my marathon training program

One word: Move. That is the key for me. It’s got to be something drastic though, not a couple towns over.

My running has been extremely minimal however I ran 20 miles on Sunday no problemo. I literally ran the whole way, minus a few pauses to chug Gatorade. It felt AMAZING. I left the house a little before 7am in crops and long sleeves and the temperature was perfect all day long. I rewarded myself with this:Image

I love PSL but something about the Salted Caramel Mocha after a run, mmm. I added salt too. It’s the perfect long post run drink. Think chocolate milk plus caramel, warmth, and salt. No wonder they add it to the menu in the fall AKA running season.

Before the long run I escaped to “upstate” NY. This in fact is not upstate but it’s something other than Manhattan so I will call it that. I went with Molly (via a train!) to Tarrytown AKA Sleepy Hollow. Yep! That is THE Sleepy Hollow of the Headless Horseman. (See trail sign below with missing head). It was a beautiful little town. The air was fresh, the houses were cute, trails easy to follow, and roads open enough to walk right down the middle. Truly refreshing.Image

Here I am hugging a tree. I do miss them, only a little though. I can always hug a tall building.Image


So then this weekend rolled around and I knew that meant one thing- my longest long run. Some people will do over 20 miles and I’m content with 20 on the dot. I was going to run an organized training-run race in Central Park that was 3 of the 6-mile loops. This sounded awfully redundant but I knew it meant people, encouragement, and snacks and fluids. Fortunately the night before one of my friends mentioned another route I should try. I came home and mapped it to get 20 miles exactly, even ending at the right subway stop to get me home.Image

The route covered a good portion of Manhattan keeping me off main roads so I didn’t have to deal with too many lights or slow-walking people (tourists, ugh 🙂

This is the first part of my run. I started by the Williamsburg Bridge, ran down to Manhattan Bridge, into Brooklyn and back over the Brooklyn Bridge. It was so quiet and peaceful as the sun rose. I passed a few runners on the Manhattan Bridge and I knew that being out this early meant they were serious runners. This also meant they were friendly. I smiled or said good morning and for once got a response. Image

Once into downtown I ran south along the East River, around, and up the Hudson. It was in Battery Park that I saw this WWII Memorial. I had no idea it even existed.Image

It is gorgeous! Along the river it was windy and quite chilly! I ran a bit more along the bike path than usual to get away from some of the wind. I always try to not run on the bike path since it’s not for runners, so I was very conscious and considerate to the bikers around me. Oh, I also decided about 30 seconds into my run to not listen to my music until the end. This proved a huge success. I continued all the way up the Hudson to 59th and cut over to the park. I entered in the south side and ran the 6-mile loop. Even as I hit the hills I felt so great! I sped past people who had already done the loop which, let’s be honest, always makes you feel good when running.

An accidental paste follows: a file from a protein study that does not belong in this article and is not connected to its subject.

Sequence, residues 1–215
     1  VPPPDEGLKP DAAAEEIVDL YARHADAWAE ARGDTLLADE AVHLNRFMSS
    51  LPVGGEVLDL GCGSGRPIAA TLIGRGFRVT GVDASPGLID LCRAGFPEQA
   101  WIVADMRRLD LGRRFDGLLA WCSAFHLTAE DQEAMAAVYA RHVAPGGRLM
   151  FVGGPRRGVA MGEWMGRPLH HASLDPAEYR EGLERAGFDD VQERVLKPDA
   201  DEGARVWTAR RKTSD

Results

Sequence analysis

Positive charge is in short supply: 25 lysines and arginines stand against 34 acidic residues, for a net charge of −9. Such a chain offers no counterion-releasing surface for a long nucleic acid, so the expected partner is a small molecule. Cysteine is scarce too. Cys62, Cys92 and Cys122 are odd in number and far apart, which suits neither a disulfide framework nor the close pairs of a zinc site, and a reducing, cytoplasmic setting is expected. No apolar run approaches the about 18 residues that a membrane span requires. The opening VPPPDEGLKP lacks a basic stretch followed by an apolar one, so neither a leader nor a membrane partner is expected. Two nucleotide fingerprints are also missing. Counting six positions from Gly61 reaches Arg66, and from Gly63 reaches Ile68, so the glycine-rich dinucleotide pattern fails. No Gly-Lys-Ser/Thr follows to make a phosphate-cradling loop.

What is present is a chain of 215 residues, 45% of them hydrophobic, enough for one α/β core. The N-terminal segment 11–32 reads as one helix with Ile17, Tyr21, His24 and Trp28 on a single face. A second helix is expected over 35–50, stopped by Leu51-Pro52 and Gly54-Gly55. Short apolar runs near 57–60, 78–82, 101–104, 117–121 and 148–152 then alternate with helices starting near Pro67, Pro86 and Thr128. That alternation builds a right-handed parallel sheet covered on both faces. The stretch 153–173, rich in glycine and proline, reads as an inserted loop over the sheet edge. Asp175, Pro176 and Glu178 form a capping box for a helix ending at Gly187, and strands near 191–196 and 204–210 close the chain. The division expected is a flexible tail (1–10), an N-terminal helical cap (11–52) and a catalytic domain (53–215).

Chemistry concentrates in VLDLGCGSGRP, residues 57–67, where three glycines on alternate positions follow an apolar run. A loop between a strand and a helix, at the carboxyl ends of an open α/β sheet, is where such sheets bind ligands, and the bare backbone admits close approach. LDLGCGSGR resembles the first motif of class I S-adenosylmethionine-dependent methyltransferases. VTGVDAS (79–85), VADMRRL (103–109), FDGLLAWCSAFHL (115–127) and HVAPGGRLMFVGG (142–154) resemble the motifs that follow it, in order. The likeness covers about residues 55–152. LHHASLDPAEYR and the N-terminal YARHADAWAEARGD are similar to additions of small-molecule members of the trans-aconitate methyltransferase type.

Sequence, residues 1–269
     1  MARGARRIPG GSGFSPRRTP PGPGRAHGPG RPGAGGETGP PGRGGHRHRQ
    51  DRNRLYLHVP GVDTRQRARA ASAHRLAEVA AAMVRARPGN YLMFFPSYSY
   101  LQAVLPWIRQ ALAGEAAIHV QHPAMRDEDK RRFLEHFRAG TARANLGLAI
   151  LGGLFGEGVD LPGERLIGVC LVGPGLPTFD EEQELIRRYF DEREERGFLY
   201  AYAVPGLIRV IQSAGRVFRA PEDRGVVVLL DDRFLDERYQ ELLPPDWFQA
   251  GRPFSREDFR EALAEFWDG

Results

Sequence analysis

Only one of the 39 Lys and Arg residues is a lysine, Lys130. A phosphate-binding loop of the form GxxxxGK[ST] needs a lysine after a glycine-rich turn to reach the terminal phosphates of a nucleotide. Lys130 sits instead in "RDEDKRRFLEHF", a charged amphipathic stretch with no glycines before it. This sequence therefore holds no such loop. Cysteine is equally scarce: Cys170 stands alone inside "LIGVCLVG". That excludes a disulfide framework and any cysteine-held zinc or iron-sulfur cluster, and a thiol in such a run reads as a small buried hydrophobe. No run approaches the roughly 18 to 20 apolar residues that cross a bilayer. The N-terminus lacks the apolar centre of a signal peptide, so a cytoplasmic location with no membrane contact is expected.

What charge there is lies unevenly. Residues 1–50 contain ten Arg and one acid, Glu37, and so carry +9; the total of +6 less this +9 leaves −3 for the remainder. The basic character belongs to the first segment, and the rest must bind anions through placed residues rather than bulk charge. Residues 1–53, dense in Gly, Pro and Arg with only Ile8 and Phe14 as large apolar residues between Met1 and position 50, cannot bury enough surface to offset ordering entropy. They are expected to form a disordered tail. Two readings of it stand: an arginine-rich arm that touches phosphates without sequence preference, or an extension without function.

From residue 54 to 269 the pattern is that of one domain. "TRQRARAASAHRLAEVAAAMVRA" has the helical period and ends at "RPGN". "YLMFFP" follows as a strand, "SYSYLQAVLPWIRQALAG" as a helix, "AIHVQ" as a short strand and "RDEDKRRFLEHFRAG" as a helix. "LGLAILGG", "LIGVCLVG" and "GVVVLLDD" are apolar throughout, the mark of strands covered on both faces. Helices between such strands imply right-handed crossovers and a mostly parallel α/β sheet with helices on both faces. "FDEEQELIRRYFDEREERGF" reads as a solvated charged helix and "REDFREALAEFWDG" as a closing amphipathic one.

It was entering the park that I turned on my music and bought and sipped on a Gatorade. I hydrated really well the day before, had a little water before my run and set out sans a hydration belt. There are tons of water fountains around the city and I took money for Gatorade so I wasn’t to worried. I had fruit punch flavored Honey Stingers (they’re my fave) and ate that pack finishing it once I was in the Park. I finished the run just outside the park and walked around for a while to keep my legs moving. I was shocked to see I did the run in 3 hours and 16 minutes. With 6.2 left for the marathon this puts me on pace for well under 4 1/2 hours which is my current goal (and blows away my only other marathon: 4:56:34).

So to recap: I ran without music, without a hydration belt only drinking that bit of Gatorade towards the end, only ate Honey Stingers, with only having run probably 10 miles in the two weeks building up to this, and ALSO in brand new shoes. That’s lots of big no-nos in terms of training for a marathon, and it worked like a charm for me. Again I believe the key was my big move thus new running environment. I had so much to look at and take in as I ran 20 miles through my wonderfully large, amazing, smelly, somewhat dirty, and beautiful new city! I finally excited about Marine Corps too!

3 thoughts on “my marathon training program

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